“These islands are still under formation naturally. The islands can be easily lost to erosion if sand is mined from these islands before they fully mature,” said Aleem.
Sand mining from uninhabited islands is still common in the Maldives. To create beautiful beaches in resorts, mining sand from uninhabited islands is still carried out all too often.
Some have pointed towards sand mining as the cause of the loss of Bathala and Veyofushi. Many allege that it is the island of Landaagiraavaru resort near Bathala that is behind the loss of the island.
The resort is accused of using the island of Bathala as their very own private island and taking guests on excursions to the island by the Kudarikilu council. Locals were also not allowed on the island at the time, according to the council who also stated that the resort set up geo bags when Bathala began to get eroded. However, the council stated that it was not aware that the resort actually mined sand from the island.
Dreamland resort is the closest resort to Veyofushi and has also been accused of misconduct just like Landaagiraavaru.
Islands in Maldives are always faced with erosion issues, but what is happening now, is on another scale. This is evident when 200-year old trees near the beach start to fall into the sea, as is the case with R. Fainu. The situation states that Fainu is being affected by erosion that has not been seen in the last 200 years.
“2017 and 2018 went well. Problems of erosion did not occur. However, the problem started to recur since mid-2019 and has now turned huge. Erosion has caused 200-year old trees to fall.” said Ibrahim Nasir, Council president of Fainu.
Another island affected by erosion to a similar level of alarm is B. Dharavandhoo. Once renowned for its beauty, the northern beach of the island is now almost non-existential. What remains instead of the beautiful white sand are large coarse rocks.
“We are closely monitoring and surveying the current events, we are also assessing possible options or steps that can be taken.” said the State Minister of Environment Ministry Dr. Abdulla Naseer.
Dr. Naseer, Dr. Ibrahim, and Aleem all agree that the current erosion levels are on another level and surveys need to be conducted to find a solution to this.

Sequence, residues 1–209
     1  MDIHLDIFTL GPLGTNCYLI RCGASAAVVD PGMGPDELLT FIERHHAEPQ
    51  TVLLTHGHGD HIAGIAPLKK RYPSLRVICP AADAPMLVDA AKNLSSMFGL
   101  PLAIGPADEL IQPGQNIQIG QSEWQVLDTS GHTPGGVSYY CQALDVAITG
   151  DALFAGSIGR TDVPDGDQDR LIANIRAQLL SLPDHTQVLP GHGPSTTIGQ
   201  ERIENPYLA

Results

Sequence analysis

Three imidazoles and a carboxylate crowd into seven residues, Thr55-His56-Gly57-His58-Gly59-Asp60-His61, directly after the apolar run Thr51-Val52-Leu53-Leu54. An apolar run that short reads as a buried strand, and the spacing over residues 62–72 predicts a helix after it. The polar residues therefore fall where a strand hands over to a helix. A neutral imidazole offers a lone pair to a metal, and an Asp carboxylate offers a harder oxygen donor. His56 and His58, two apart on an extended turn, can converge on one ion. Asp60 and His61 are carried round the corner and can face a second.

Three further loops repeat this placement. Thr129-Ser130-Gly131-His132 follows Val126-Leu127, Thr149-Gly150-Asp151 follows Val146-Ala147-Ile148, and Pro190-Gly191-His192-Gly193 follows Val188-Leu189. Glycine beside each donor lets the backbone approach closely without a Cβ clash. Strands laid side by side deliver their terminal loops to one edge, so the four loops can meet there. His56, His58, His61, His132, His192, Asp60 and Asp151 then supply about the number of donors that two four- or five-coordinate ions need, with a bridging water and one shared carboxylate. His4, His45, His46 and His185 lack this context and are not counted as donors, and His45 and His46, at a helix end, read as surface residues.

“It is imperative that long term surveys on every island need to be conducted to resolve this. It is not an easy task to go and find a solution all of a sudden. No matter how much we visit and advise on things to do, I don’t think that it will happen. Research needs to be done on some level to solve this.” said Dr. Naseer.
It is a fact that the world is warming up because of the huge amount of greenhouse gases released by humans into the atmosphere. This affects the ocean tides and currents as well.
A survey published by the Nature Communication Magazine’s Climate Central read that the estimated number of people affected by rising sea levels would increase by threefold in the year 2050. Around 150 million people are currently living in areas that are projected to be underwater by the year 2050!
From the results of the survey, a sizeable area of the Maldivian capital Male’ would be underwater by the year 2050. This is also the case with most islands of the country. Indeed, a scary prospect!
Dr. Abdulla Naseer stated that there was little that Maldives can do to combat this and that the government was already doing everything it can, including calling and advocating to prevent this to the international community. He also stated that the government was already protecting islands that needed to be protected.
The issue of erosion has now turned into a whole new level of danger. What had been a common occurrence, is now threatening to make islands dissapear as the people look on in despair!
The world needs to unite for this and speak in the same voice. But the question is, will that happen before islands start to disappear underwater? Will it be too late when we wake up and open our eyes to reality?